Senator Maggie Hassan (D-NH), who asked the Federal Trade Commission to launch an investigation into video game loot boxes, is now asking the head of the commission for an update on the status of that investigation “as soon as practicable,” a time table, as well as proposed next steps, according to a copy of the letter shared with Variety.
The letter comes about two months after FTC chairman Joseph Simons agreed to investigate video game loot boxes to ensure that children are being protected and parents are educated on the matter.
In the letter sent to Simons on Friday, Hassan reiterated that an FTC investigation is a necessary step to “adequately protect children and other vulnerable people who play video games, as well as to better educate parents and players about the possibility of addiction and other negative behaviors resulting from loot box exposure.” She also said that loot boxes are now “endemic in the video game industry, and are present in everything from casual smartphone games to the newest, high-budget ‘blockbuster’ video game releases.”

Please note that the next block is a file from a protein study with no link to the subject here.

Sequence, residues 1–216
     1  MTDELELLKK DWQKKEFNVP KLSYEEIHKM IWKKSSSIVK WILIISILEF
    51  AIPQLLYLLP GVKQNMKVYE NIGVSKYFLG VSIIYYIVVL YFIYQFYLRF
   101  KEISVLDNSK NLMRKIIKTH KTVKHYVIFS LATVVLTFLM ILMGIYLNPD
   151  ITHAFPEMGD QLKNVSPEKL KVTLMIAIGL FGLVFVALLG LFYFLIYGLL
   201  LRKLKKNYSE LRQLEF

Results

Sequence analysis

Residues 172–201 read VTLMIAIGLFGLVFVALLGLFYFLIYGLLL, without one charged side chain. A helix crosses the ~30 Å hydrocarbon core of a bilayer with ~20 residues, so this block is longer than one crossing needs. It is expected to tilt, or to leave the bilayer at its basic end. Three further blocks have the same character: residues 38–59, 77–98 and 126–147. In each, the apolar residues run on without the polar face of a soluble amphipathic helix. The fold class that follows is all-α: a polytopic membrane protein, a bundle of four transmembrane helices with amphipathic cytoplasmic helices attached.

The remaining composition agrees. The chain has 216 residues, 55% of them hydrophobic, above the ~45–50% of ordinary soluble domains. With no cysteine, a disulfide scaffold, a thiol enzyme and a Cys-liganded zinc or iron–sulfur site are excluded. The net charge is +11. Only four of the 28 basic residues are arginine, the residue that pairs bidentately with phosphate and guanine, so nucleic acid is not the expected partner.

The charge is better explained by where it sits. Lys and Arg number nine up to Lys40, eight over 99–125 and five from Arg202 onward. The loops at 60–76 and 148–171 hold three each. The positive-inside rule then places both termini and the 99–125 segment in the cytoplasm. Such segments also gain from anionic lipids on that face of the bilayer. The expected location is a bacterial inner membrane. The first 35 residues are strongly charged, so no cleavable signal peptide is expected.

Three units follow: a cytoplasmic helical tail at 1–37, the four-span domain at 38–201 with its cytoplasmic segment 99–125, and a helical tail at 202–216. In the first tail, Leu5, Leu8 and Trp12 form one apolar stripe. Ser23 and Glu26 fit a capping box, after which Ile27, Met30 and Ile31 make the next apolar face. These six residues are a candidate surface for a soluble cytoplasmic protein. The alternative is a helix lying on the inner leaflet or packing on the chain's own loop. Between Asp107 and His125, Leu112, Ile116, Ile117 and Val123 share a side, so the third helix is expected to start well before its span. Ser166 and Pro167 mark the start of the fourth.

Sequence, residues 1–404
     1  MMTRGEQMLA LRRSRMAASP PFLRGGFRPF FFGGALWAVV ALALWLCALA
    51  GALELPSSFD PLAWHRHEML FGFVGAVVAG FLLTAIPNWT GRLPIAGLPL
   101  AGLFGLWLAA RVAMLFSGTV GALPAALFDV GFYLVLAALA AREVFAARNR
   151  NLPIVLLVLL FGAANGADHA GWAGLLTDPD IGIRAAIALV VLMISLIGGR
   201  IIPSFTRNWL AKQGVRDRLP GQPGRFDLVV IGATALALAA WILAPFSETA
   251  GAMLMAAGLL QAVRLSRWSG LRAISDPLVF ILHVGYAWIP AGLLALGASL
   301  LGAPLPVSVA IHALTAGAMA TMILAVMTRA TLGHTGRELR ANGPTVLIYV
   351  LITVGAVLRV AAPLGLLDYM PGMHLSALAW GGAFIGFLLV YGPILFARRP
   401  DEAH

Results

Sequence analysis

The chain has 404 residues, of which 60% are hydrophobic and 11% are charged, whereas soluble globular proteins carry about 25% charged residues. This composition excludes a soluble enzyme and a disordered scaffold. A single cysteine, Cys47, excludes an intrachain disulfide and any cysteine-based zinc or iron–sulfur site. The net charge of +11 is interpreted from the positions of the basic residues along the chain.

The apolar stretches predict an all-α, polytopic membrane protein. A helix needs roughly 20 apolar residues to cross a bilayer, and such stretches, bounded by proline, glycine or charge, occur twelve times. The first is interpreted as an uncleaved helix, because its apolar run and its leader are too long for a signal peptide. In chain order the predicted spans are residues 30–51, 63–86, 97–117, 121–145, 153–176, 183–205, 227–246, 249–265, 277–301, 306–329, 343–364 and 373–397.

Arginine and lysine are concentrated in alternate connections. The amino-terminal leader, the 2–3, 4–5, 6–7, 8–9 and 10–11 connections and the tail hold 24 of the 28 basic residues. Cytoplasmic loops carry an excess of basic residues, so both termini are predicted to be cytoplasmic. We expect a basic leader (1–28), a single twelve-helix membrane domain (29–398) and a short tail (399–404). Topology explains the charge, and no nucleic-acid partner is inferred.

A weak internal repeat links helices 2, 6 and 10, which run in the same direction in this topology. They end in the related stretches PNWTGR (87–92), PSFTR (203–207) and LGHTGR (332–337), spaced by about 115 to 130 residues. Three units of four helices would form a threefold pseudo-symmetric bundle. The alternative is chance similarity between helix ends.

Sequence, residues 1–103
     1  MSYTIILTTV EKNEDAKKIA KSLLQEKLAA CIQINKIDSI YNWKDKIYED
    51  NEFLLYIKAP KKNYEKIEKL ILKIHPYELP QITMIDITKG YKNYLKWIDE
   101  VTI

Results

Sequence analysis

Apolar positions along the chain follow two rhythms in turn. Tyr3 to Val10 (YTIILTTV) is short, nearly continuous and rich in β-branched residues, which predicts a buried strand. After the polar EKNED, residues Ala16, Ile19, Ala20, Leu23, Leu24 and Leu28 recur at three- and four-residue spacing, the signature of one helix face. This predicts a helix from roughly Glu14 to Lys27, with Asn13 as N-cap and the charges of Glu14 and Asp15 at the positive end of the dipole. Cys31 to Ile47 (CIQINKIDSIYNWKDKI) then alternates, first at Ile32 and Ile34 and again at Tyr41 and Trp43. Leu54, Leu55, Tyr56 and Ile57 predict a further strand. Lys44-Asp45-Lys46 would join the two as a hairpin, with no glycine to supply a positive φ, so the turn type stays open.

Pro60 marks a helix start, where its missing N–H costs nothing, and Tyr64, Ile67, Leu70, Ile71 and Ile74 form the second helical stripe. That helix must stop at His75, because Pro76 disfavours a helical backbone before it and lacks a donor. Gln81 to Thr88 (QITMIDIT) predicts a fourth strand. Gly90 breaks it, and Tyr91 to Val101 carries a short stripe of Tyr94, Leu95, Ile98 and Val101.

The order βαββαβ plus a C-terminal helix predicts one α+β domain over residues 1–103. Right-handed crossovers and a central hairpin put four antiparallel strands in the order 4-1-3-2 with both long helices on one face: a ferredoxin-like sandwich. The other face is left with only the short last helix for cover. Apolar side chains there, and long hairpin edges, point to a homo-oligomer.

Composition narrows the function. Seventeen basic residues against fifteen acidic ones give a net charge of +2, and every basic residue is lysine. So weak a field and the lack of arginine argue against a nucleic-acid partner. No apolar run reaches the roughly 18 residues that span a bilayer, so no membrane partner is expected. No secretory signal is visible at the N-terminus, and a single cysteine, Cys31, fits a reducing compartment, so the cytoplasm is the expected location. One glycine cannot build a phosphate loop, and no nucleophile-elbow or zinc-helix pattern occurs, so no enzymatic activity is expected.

“According to some researchers,” she wrote, “loot boxes will represent a $50 billion industry by the year 2022. Children may be particularly susceptible to engaging with these in-game purchases, which trigger the same psychological behavior and reward systems that have been linked with traditional gambling and are often considered integral components of video games.
“The effect of loot boxes on children and consumers is something that I have been worried about for some time, and I appreciate that you share my concern. I have also raised this issue in a letter to the Entertainment Software Ratings Board, the self-regulatory ratings arm of the Entertainment Software Association.”
The FTC has begun the initial steps in the investigation, according to the letter.
Last year, in response to the growing concern surrounding loot boxes in video games, the ESRB said it would continue to make enhancements to ensure parents continue to be well-informed as the industry evolves. The group did not directly address what it might do in terms of loot boxes, microtransactions, and ratings.